35 of 38 people found the following review helpful
on March 16, 2000
This is a subtler work than Banks' earlier "Culture" novels, and may be his best one yet. Regrettably, the very subtlety and understatement that makes this such a good book may narrow its appeal. You have to think about this book. For instance, one of the reviewers (Booklist) clearly either didn't read, or failed to understand what he was reading. Whatever Dr. Vossil and DeWar's relationship may have been, they were most assuredly not "cooperating".
For the benefit of those who haven't read the book, I don't want to give away too much. However, one of the questions that's been kicked around on the Iain Banks newsgroup is which of the two is the starry-eyed idealist, and which is a hard-eyed pragmatist.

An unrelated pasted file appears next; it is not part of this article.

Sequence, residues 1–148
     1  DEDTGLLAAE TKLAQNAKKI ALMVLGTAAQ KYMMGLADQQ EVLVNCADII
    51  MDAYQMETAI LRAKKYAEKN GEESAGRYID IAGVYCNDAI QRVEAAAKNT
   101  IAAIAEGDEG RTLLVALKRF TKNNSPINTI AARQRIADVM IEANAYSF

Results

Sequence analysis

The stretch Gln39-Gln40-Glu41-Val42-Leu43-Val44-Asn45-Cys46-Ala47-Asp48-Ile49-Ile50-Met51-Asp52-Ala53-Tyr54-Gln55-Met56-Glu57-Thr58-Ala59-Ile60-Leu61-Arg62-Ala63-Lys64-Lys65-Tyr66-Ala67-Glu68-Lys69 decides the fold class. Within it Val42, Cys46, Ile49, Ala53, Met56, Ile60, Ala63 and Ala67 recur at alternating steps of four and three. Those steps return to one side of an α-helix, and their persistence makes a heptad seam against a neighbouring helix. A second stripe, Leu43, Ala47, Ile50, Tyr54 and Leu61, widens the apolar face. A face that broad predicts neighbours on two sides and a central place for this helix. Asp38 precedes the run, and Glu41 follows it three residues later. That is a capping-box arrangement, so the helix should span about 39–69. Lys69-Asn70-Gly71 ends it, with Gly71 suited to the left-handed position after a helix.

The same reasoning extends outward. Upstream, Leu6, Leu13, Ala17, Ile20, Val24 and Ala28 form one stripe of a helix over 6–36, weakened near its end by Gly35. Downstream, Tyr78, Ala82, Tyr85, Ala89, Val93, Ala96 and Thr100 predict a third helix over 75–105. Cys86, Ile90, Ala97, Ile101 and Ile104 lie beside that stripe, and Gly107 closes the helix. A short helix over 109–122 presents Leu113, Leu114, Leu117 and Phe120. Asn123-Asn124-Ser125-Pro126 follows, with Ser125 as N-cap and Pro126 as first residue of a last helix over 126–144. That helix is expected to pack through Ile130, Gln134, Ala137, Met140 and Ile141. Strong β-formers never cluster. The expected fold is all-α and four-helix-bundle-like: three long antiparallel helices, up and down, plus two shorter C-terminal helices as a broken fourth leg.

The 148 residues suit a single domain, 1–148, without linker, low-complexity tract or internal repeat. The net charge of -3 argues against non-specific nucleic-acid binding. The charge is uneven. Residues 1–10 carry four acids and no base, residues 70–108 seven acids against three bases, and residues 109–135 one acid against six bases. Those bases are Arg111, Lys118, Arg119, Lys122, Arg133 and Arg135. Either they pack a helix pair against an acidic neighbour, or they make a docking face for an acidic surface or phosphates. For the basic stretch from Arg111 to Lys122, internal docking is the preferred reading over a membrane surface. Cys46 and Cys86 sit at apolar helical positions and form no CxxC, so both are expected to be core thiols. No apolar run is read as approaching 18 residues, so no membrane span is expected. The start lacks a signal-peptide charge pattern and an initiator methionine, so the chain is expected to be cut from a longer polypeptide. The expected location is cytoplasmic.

My view? --If special circumstances demand that it absolutely, positively has to be destroyed overnight, if you send in Madame Doctor.
No, this is not just a "medieval fantasy". It's a thought-provoking book about what it means to "do good", and how little latitude you have to help people in a cruel world. If it matters to you, this IS science fiction, and it IS a "Culture" book.
13 of 13 people found the following review helpful
on November 8, 2005
Format: Mass Market Paperback